How do you easily peel hard boiled eggs?

I like to take eggs cold from the ice bath and gently tap them against the counter all over. Then I’ll gently peel. If I feel the eggshell needs a little extra help, I’ll try peeling under running water.

And if you have an Instant Pot, use that method to make your hard boiled eggs! Alway yields the hard boiled eggs that are most easily, perfectly peeled!

Why are my hard boiled eggs green?

If the outside of your cooked hard boiled egg yolks has turned green, your eggs are overcooked. It’s harmless and your eggs are still edible, they just don’t look quite as pretty. 😉

Fun science fact: this discoloration is a result of a reaction between the sulfur in the whites and the iron in the yolks.

How to store hard boiled eggs?

Store hard boiled eggs in an airtight container in the fridge for up to one week.

Some say hard boiled eggs will last longer when stored in water in the fridge. I personally don’t do this and have never had any issues.

Are hard boiled eggs healthy?

Yup! I’ve written a whole post on whether eggs are healthy, and for the majority of people there are definitely nutritional benefits to consuming eggs.

Hard boiled eggs in particular may be a healthier way of consuming bread as they are not cooked or fried in added fat, like fried and scrambled eggs may be.

Can you make hard boiled eggs in the microwave?

No, and for your safety, please don’t try! You can cook a scrambled egg in the microwave, but cooking an egg in its shell in the microwave can cause tremendous amounts of heat, pressure, and steam to build up in the eggshell. This could result in the egg exploding in the microwave (and who wants to clean that up?! Not I!). Plus that could possibly harm you or your family, and nothing is worth that risk.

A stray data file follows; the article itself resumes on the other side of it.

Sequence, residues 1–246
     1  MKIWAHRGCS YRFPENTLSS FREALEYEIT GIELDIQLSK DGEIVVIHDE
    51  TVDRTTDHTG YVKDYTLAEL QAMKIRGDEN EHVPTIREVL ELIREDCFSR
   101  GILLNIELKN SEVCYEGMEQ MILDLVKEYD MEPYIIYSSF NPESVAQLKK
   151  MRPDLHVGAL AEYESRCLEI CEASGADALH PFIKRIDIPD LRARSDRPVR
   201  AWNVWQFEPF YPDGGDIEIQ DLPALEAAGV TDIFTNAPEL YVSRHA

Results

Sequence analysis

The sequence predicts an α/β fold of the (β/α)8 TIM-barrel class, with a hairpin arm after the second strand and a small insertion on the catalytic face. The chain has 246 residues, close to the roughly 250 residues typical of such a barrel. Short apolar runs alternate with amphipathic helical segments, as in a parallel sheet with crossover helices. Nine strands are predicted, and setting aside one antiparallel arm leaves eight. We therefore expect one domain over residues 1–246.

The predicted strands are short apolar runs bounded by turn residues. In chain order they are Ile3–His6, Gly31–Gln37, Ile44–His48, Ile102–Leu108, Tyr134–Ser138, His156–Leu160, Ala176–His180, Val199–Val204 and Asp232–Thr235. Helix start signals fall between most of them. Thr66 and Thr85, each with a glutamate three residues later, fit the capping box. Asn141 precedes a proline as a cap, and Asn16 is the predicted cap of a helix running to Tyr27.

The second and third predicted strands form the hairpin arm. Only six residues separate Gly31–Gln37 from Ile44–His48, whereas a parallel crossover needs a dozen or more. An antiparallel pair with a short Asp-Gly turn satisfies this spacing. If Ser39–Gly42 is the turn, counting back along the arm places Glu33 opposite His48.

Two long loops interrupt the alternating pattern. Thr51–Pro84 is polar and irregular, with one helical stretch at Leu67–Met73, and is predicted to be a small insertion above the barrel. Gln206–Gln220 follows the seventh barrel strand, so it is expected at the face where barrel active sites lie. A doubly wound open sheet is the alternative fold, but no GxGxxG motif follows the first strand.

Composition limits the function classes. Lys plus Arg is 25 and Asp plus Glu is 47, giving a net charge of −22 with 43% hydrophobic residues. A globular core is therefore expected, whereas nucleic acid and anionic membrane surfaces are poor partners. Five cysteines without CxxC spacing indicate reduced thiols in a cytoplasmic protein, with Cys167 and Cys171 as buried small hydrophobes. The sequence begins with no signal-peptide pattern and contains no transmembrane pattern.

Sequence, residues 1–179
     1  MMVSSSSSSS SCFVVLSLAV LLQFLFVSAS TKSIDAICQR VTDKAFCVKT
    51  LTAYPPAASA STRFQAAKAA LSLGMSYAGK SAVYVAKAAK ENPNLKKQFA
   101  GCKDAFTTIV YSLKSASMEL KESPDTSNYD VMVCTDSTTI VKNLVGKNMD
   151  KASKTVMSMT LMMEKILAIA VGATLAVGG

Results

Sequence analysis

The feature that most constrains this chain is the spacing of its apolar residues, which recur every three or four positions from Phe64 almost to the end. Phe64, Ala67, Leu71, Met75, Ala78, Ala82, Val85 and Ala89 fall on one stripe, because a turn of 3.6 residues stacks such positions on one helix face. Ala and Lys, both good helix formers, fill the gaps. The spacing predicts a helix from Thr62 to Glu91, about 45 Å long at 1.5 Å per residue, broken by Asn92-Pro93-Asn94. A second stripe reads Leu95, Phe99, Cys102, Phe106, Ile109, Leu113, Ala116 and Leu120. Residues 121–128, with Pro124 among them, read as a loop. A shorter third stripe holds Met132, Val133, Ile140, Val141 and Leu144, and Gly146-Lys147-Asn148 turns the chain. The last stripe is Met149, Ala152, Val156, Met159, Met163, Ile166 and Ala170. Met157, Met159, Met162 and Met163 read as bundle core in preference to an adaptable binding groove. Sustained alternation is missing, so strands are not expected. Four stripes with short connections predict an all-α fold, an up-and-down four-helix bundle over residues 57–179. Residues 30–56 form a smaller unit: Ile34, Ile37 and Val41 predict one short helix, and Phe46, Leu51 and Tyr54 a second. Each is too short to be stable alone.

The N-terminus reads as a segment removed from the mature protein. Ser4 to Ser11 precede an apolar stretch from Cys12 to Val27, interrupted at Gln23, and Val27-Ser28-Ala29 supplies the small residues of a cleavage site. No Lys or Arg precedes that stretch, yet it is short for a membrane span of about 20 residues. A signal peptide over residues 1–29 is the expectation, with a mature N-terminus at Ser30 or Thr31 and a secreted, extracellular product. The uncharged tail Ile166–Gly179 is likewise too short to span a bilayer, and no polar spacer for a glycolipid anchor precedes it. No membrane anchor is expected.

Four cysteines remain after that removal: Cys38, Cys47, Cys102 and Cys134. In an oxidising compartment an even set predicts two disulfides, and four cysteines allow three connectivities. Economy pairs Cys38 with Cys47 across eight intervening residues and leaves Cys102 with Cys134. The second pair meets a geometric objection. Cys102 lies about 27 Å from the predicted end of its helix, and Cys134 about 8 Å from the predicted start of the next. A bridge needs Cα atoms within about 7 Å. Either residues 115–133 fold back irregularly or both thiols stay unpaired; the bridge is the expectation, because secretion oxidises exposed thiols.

Should I add baking soda to the boiling water when cooking hard boiled eggs?

You can, but I usually don’t. Remember – one of my goals in this “how to hard boil an egg” guide is SIMPLICITY. I’m looking for as low maintenance and as little to remember as I have to!

Some say adding about a teaspoon of baking soda to the pot of boiling water you’re cooking your hard boiled eggs in will make your eggs more alkaline, which may make them easier to peel later on. I did try this once before and didn’t notice any difference personally, but it’s harmless enough that you can certainly try yourself!

Do you have any recipes for hard boiled eggs?

Sure! While I love to eat hard boiled eggs as-is for a snack or sliced on top of toast with hummus or avocado, I have a couple recipes here on Nutrition to Fit: avocado veggie egg salad and avocado deviled eggs (can you tell I’m a big fan of eggs and avocado together?).

Cream ceramic plate with avocado deviled eggs garnished with cilantro on a black and cream striped linen towel and lemons, avocado, and cilantro surrounding it.

If you found this post helpful with learning how to hard boil an egg, please be sure to save it to Pinterest for later or share on Facebook or Instagram. Live well!